- Do a minimum of two Bill Pays.
- Monthly fees may apply.
- Fundable with a credit card up to $500.
- No current expiration date.
Will is a consumer credit advocate that regularly posts about bank account bonuses (such as Chase coupon codes that can earn you up to $600 in bonuses) on his blog Doctor of Credit. He also covers credit scores and credit cards in depth. He’ll be sticking around to answer any questions or comments you have below.
Are there any banks that offer miles for opening a bank account? Also, for Santander, do you need to do direct deposits and 2 bill pays? Or is the requirement that you have to do direct deposits or 2 bill pays?
Thanks for the comment. I don’t know of any banks currently offering miles, but Citi and Chase both have in the past. The problem arises because you have to pay taxes on the miles, all of the banks overvalue them for their own tax purposes, but this means you have to pay more tax if you receive them as a bank account bonus. E.g Citi gave out some a year or so ago and they were reported as being valued at 2 cents a piece, which left people with a rather large tax bill.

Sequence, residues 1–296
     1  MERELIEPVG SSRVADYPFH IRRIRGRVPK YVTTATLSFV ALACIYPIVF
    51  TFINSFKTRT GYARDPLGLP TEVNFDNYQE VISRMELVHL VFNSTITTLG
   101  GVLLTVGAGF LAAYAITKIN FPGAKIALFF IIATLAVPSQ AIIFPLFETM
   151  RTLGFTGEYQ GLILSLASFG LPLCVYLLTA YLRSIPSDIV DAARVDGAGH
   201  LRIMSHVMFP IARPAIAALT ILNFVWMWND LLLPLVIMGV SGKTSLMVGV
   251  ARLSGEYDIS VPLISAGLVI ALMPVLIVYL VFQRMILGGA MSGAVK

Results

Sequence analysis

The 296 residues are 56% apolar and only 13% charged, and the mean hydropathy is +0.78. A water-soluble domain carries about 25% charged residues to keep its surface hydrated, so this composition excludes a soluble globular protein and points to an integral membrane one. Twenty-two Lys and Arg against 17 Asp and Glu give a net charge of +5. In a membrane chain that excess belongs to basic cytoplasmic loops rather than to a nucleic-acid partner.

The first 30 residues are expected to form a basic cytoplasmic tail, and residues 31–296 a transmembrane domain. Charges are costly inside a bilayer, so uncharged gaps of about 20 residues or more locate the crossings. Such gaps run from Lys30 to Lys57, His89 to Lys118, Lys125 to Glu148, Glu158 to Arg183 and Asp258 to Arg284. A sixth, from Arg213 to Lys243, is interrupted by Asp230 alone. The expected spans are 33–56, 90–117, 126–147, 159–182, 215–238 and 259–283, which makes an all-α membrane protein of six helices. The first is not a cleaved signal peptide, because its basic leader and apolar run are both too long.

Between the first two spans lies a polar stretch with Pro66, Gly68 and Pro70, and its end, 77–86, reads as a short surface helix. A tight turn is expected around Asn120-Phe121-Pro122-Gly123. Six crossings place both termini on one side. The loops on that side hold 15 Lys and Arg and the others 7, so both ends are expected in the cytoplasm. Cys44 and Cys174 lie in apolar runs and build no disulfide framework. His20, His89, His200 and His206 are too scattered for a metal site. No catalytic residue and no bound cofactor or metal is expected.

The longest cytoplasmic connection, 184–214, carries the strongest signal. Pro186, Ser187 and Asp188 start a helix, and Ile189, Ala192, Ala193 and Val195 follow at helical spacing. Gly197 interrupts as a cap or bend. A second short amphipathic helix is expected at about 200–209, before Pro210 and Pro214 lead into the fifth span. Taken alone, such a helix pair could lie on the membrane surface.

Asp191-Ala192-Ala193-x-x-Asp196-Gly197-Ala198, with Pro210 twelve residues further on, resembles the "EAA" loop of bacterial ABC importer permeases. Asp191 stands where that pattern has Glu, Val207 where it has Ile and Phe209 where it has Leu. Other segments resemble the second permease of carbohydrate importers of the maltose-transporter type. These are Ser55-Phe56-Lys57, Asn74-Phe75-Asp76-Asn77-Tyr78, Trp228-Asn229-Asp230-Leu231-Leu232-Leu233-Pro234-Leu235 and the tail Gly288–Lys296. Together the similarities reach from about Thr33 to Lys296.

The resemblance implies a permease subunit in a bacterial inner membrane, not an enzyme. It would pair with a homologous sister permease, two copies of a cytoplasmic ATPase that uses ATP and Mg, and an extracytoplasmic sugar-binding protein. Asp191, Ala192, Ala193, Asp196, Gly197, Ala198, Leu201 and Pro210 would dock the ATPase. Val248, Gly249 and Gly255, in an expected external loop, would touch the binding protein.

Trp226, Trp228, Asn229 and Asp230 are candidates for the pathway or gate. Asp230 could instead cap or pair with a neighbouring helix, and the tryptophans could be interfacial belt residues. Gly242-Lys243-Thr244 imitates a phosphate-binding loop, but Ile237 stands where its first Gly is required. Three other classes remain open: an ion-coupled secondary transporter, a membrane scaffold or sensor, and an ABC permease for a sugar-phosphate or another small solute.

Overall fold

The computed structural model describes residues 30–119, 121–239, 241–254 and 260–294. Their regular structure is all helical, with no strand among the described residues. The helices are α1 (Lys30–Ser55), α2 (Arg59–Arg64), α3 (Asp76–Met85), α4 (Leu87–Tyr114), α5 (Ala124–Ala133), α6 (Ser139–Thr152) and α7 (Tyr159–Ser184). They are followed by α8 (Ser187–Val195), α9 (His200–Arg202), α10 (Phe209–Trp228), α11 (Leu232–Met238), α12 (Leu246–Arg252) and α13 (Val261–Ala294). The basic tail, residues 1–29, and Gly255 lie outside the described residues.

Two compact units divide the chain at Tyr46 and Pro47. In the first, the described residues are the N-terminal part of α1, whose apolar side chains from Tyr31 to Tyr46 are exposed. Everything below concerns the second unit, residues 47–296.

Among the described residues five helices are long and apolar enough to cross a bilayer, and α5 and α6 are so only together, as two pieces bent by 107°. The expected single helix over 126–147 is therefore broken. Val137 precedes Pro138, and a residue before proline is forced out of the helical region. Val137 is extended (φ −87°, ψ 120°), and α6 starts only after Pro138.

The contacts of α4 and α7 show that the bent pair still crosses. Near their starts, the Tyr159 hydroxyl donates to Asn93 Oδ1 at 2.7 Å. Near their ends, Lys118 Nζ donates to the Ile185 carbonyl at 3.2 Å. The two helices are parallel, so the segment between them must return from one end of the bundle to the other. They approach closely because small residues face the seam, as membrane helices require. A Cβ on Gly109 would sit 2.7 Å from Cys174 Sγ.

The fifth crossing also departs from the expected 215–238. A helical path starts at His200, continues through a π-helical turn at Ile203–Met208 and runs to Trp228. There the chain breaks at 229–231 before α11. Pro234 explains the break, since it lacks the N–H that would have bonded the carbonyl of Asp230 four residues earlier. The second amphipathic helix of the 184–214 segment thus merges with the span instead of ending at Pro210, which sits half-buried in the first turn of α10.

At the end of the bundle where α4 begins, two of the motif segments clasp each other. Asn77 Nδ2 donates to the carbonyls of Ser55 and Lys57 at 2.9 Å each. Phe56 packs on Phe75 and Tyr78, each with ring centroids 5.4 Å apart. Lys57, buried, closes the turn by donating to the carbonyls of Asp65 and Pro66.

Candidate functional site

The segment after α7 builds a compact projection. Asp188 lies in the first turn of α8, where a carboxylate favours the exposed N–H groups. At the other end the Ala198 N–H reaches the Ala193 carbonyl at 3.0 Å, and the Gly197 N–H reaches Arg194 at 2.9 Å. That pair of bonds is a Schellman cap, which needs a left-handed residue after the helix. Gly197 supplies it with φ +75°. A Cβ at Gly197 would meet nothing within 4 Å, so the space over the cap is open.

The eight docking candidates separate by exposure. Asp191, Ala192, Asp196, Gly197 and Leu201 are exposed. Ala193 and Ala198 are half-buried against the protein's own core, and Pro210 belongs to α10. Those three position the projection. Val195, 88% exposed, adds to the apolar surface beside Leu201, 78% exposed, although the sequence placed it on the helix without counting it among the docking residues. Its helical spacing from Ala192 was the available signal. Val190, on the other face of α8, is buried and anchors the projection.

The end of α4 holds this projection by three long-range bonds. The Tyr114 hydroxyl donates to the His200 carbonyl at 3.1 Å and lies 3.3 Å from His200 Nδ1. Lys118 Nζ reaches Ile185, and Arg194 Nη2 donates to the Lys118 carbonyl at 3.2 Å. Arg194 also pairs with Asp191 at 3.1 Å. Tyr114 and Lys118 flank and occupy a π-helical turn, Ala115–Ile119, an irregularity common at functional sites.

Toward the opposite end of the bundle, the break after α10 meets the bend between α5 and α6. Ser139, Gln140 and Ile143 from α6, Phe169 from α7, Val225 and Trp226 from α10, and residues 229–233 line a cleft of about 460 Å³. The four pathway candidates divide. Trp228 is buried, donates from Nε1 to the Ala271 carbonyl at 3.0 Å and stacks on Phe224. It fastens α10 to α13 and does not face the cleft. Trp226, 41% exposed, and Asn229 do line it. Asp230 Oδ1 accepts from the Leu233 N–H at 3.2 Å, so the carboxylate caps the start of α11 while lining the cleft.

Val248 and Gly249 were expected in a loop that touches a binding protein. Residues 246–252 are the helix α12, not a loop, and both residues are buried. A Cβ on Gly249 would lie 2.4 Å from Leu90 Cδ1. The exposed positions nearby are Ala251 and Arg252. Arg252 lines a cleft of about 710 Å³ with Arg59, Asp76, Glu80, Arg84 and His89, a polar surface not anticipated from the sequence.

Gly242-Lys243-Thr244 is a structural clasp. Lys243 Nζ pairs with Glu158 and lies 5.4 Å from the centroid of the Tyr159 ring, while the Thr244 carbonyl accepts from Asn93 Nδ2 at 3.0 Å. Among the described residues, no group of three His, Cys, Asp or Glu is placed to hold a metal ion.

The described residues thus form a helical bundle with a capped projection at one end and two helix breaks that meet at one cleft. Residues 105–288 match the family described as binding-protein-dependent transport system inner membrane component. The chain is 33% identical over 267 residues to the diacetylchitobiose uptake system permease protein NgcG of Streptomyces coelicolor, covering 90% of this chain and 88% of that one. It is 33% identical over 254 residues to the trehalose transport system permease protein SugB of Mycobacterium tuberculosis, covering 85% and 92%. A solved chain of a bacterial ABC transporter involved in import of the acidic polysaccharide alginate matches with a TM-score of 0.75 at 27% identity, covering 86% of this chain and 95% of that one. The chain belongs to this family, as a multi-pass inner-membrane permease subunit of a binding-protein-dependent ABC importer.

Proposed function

If I understand correctly, you’re saying that if I send $500 chase/ $1500 santander monthly from my Bluebird account to the chase/santandor account, then that will count as direct deposit to exempt the monthly fee etc.
1) Do I need to send it on the same day every month, and in the same donominations?
2) Is it per calendar month?
That’s correct as of now.
1). No, doesn’t need to be the same day every month and in the same denominations. It can be differing amounts – remember not everybody is paid the same amount monthly.
So we would add chase and santander to our bluebird bill pay and send 500 to chase and 1500 to santander monthly to simulate a direct deposit correct? Is there a chance they would not count it as a direct deposit?
Yes, there is always a chance that they would update their rules and it could stop working. A qualifying direct deposit is usually considered an employer payment or government benefit, but sometimes you can get around this by doing a transfer.
Some banks (like Chase) try to counter act this and close methods down, whilst other banks don’t really care. My suggest is to leave the minimum required in Chase to keep it fee free, that way you only have to worry about getting a qualifying direct deposit once to trigger the bonus.